It is hard to shake the need to be a Martha. I think many of us are hardwired to take care of the needs of others and to want things to be perfect. But those of us who are Marthas need to take a lesson from the Marys of the world. They are the ones who don’t miss a second of what is truly important. They are living in the moment, absorbing all the sights and sounds of what is happening around them. They are making memories and cherishing them. They are living and loving to the fullest. Yes, we Marthas can learn a thing or two from Mary.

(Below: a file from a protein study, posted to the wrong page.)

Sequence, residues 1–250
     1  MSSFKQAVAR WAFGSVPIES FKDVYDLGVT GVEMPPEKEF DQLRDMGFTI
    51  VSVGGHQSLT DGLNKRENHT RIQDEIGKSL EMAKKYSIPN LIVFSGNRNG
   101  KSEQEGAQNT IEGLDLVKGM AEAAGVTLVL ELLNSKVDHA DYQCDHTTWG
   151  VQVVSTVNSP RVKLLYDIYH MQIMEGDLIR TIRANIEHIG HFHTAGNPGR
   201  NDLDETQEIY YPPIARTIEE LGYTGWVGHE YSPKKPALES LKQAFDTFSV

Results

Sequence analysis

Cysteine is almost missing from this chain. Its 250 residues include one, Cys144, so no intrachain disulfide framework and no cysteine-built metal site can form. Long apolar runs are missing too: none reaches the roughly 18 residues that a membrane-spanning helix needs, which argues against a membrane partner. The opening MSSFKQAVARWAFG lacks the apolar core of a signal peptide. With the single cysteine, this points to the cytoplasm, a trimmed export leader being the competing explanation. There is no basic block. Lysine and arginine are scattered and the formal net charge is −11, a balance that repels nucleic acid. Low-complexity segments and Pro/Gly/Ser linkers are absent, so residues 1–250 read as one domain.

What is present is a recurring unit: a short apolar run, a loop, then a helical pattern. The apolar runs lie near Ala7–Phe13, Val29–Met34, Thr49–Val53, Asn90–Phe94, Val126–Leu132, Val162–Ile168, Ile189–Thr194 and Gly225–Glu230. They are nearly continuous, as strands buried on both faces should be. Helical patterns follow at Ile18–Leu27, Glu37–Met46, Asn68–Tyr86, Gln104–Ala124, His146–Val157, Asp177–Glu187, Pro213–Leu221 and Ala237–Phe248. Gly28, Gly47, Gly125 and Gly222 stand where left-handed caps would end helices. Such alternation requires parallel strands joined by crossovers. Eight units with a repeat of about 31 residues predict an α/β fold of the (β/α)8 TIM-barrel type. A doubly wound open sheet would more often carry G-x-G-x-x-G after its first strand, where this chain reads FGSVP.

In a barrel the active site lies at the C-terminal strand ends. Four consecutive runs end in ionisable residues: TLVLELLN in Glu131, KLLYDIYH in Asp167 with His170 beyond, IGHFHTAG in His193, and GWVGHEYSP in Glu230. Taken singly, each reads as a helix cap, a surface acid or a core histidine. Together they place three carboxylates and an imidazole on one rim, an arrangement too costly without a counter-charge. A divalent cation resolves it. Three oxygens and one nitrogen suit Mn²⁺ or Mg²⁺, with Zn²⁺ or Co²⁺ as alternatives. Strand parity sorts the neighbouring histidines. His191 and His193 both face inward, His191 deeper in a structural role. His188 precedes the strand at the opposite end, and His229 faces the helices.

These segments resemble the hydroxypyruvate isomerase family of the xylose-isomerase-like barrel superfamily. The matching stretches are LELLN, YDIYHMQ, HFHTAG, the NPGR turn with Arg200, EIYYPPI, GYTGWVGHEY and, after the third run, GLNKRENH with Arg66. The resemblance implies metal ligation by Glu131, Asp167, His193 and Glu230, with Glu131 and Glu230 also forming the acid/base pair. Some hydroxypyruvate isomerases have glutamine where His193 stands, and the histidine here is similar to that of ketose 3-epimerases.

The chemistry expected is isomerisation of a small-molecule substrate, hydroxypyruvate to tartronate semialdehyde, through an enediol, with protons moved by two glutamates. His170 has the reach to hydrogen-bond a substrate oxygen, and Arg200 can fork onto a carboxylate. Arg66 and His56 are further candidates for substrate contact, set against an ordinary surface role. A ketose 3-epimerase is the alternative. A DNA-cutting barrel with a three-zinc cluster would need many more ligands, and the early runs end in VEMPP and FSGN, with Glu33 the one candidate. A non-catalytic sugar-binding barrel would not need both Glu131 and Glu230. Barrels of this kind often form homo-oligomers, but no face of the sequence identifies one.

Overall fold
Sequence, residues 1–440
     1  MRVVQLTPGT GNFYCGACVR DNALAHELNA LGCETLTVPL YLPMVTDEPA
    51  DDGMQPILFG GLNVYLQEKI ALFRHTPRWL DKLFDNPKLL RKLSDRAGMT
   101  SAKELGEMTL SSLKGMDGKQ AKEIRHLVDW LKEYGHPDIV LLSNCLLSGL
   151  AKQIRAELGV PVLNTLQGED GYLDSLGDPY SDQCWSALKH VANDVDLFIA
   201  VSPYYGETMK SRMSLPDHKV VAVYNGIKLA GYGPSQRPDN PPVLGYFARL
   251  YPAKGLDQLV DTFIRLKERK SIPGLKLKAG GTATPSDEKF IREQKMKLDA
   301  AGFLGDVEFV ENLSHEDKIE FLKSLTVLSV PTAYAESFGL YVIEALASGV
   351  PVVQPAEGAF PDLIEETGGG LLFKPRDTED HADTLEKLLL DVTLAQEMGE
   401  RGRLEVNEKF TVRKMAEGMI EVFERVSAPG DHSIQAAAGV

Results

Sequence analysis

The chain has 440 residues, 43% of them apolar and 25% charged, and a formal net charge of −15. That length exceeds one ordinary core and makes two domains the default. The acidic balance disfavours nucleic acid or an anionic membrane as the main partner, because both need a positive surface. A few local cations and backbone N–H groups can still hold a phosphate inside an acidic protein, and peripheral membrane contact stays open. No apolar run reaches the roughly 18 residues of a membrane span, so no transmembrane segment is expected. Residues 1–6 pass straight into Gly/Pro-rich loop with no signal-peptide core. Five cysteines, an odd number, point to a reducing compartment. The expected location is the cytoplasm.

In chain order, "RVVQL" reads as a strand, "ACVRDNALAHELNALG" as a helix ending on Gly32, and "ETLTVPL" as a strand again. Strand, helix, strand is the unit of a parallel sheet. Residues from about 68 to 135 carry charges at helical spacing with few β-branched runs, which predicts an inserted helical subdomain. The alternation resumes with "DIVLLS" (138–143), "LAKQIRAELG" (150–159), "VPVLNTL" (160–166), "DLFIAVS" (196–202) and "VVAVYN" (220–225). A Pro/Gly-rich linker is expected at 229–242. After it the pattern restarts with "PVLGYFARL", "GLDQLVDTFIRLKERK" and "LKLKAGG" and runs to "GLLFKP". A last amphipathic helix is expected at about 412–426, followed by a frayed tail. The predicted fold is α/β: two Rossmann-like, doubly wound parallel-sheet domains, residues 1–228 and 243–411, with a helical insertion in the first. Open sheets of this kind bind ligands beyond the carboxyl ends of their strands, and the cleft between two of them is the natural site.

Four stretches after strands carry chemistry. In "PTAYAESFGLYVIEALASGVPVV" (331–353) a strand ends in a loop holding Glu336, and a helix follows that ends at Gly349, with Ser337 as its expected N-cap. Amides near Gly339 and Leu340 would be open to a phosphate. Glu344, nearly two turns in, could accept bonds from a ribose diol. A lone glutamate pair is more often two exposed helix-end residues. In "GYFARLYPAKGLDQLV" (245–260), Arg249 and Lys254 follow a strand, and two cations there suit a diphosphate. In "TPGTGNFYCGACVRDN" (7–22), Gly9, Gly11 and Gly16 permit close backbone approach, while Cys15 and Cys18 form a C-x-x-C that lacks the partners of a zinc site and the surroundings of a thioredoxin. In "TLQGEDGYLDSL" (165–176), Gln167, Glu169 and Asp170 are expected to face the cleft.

This week when one of my best friends comes to see us I plan to not worry so much about making sure everything is perfect. I will make things comfortable for her but I plan to enjoy her company and not worry about the walls that need to be painted or the couch that practically swallows visitors whole. I’m not going to obsess over the things that I know she doesn’t even care about and that she won’t even notice. No, those things will not be on my radar this visit. This time I plan to be in the moment and love my friend with all my being.

Happy Saint Martha’s day! I pray that all of my fellow Marthas will have a very beautiful day today. Take a day off and enjoy those around you. Take in every moment and make memories without worrying about what needs to be done. It’s what Christ would want you to do.

a true friend